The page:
Jonathan Freedland at The Guardian:
The man who for decades has been Israel’s best known literary voice is proclaiming his “deep love” for “one of the greatest Jews who ever lived”. Amos Oz recalls falling for “this Jew” many years ago, when, as a teenage kibbutznik, he became enchanted by “his poetry, his humour, his compassion, his warmth, his simplicity”. Oz’s sweet hymn of praise is addressed to Jesus Christ.
If that comes as a surprise, it’s not only because Oz is an Israeli Jew. It’s also because he’s written often – and fiercely – of the role centuries of Christian persecution played in nurturing the Jewish longing for a homeland. But whatever anger he harbours toward Christian Europe, for Jesus, Oz expresses only fond admiration. Even if, the writer adds with a smile, “he and I disagree on many things – like any two Israelis”.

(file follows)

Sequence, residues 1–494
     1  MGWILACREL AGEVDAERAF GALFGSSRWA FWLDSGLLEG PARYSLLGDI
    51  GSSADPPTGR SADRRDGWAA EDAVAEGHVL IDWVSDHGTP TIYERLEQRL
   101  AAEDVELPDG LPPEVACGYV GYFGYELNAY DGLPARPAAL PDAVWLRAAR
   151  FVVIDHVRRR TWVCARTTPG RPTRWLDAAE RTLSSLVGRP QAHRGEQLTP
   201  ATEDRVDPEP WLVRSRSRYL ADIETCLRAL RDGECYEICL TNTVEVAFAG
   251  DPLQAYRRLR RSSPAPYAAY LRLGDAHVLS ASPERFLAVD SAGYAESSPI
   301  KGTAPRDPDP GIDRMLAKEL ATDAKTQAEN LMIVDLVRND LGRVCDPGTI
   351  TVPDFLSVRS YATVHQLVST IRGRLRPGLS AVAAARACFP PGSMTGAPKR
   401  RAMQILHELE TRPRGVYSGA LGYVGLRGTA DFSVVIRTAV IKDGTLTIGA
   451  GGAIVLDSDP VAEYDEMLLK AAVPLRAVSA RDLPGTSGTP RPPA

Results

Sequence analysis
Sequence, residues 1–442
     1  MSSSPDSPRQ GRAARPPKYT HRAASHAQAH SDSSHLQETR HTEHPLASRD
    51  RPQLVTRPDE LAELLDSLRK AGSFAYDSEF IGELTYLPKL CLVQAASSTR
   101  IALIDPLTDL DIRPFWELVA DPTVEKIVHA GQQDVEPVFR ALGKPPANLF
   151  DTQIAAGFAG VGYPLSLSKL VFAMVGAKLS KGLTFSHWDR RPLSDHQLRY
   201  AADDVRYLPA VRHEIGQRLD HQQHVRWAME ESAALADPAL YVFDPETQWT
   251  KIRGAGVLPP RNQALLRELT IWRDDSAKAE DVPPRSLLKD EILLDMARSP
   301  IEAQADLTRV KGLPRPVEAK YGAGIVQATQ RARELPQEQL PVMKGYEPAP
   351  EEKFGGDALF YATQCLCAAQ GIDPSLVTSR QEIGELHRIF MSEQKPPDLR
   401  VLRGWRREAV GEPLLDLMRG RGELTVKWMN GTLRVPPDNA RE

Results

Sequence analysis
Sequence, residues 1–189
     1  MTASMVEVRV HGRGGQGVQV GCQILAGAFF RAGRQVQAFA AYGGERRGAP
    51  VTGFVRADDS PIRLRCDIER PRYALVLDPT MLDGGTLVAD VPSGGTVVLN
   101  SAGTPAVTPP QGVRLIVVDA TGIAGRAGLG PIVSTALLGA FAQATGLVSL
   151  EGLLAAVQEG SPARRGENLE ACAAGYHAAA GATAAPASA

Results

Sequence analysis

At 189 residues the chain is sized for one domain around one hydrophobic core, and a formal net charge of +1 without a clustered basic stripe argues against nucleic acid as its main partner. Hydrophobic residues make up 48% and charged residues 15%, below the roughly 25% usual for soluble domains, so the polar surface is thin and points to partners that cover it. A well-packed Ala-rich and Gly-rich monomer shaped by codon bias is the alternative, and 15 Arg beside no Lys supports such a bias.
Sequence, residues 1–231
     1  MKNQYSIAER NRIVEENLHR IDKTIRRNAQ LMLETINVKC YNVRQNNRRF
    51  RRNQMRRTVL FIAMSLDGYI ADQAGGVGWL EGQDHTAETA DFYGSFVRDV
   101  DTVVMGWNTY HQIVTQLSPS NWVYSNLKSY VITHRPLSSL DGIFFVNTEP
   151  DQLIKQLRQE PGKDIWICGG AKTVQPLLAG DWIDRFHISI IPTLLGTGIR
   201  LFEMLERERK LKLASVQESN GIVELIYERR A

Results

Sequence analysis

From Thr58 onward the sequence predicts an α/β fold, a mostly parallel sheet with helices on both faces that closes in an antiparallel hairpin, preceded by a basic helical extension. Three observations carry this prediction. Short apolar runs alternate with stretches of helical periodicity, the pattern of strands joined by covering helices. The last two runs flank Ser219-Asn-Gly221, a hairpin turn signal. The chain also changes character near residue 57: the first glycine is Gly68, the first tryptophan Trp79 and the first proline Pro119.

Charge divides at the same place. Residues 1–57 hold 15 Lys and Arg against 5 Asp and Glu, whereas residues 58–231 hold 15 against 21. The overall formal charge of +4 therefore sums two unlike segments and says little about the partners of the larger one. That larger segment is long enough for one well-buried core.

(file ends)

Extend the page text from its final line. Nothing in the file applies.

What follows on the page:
Now aged 77, his spectacles attached to a cord around his neck, he is still blessed with the rugged good looks and spellbinding English that have made international literary audiences swoon since the 1970s. This autumn cinemagoers might join them, thanks to the release of Natalie Portman’s film adaptation of A Tale of Love and Darkness, Oz’s bestselling memoir-cum-novel. But for now he is in London to promote his latest novel, the first for more than a decade: Judas in English, it was published in Hebrew as The Gospel According to Judas.